Gourdbeader
Toledo, OR
(Zone 8a)

April 23, 2013
7:26 AM

Post #9494267

I am fortunate enough to have some wonderful young men that deliver the bales and put them right where I want them so I have to plan ahead a bit. I have never used anything to break down the bale ever. I live in Oregon and we get plenty of rain so watering them aren't a problem but I don't understand why the need for the nitrogen. I planted my bales with strawberries this year and the deer loved them. Fortunately, they didn't eat them entirely. They munched down to about two inches and even left some flowers. So... I... covered them with a little bit of soil which I don't normally do but I don't normally have deer. We just moved, and I built chicken wire covered wagon sort of cages to go over each bale. Voila, nothing has bothered them ...so far. This is the first year I have planted some flower bulbs just to see what happens. They were already there at the house and starting to sprout so I figured I would give them a try and I also put a little soil over them too. I would take pics but my husband has the camera down in California right now.
These are mine from a couple of years ago with no nitrogen or not additives at all, not ever fertilizer.
The empty bales are some hay bales that someone gave me that decomposed in two months. never ever use anything but straw. This is what they looked like in two months. My straw bales last two years. Yep. two years.

Thumbnail by Gourdbeader   Thumbnail by Gourdbeader   Thumbnail by Gourdbeader      
Click an image for an enlarged view.

kattykorn
Cleveland, GA
(Zone 7a)

April 26, 2013
8:10 PM

Post #9498525

Sure wish I had someone to deliver the straw! I could only fit 8 bales in my old SUV and they made a real mess. It was no easy job for little old lady me to unload them and tote them to the garden spot either! So, they have been curing for 11 days now and I'm a bit at a loss as to where they are. I expected to feel more heat from them once they started cooking, but so far, that isn't the case. I don't have a thermometer, but didn't consider it all that important, figuring I could just stick my hand down in the bale to judge the status. The problem is they are baled so tight I can't get a hand in there! Didn't have ammonium nitrate, used fish emulsion and top dressed with a bit of cow manure compost (which I thought might work down into the bale some). I missed wetting them down a couple times and don't know if they dried out too much in the centers. We also had a cold spell with hard driving, cold rains that may have leached out some of the nitrogen. Still can't tell if I'm making any progress. The bales have grown a lot of "hair" and today I noticed several had a lot of tiny mushrooms growing on top. Dunno if that is good or bad sign? Any hints on how I can tell if they are ready to plant?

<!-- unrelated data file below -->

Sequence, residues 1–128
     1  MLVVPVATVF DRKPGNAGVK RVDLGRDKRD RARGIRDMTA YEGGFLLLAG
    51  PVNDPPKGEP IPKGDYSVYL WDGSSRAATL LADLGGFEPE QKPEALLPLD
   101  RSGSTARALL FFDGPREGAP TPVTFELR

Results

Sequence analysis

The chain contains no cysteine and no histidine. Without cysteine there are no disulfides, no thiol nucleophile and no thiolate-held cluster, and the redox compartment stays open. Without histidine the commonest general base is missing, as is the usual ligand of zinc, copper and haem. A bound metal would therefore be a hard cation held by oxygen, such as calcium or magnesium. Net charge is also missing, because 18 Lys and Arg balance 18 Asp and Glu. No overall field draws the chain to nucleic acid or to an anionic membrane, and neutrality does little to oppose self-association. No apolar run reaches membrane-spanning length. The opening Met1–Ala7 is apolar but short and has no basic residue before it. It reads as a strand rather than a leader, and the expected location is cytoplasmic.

KentNC
Wake Forest, NC

May 4, 2013
7:22 AM

Post #9507715

"Hair" and 'shrooms are a GOOD sign.

You can transplant.

A wine bottle is a great tool for make the holes.

You can get some potting mix to help chink any spaces that remain after you set your plants.
Gourdbeader
Toledo, OR
(Zone 8a)

May 5, 2013
4:11 PM

Post #9509537

I use a short pry bar to open the flakes just enough to set the plants then push it together again,
quiltygirl
No Central, AZ
(Zone 7b)

May 7, 2013
8:14 AM

Post #9511710

My first year I used a little Fiskar garden saw to make holes for my tomato plants and used the compost, as Kent reco'd, to fill the gap and the tomatoes still grew wonderfully.

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Other Strawbale Gardening Threads you might be interested in:

SubjectThread StarterRepliesLast Post
Straw bale gardening: no weeding, no hoeing, no tilling KentNC 274 Oct 18, 2009 1:58 AM
Strawbale Gardening (part 7) Jnette 126 Mar 20, 2007 9:51 AM
Straw Bale Gardening LauraK 49 Apr 2, 2008 12:02 AM
Straw Bale Gardening (Part 8) KentNC 114 Apr 2, 2007 5:32 PM
Straw Bale Gardening (Part 9) KentNC 124 Apr 21, 2007 12:39 AM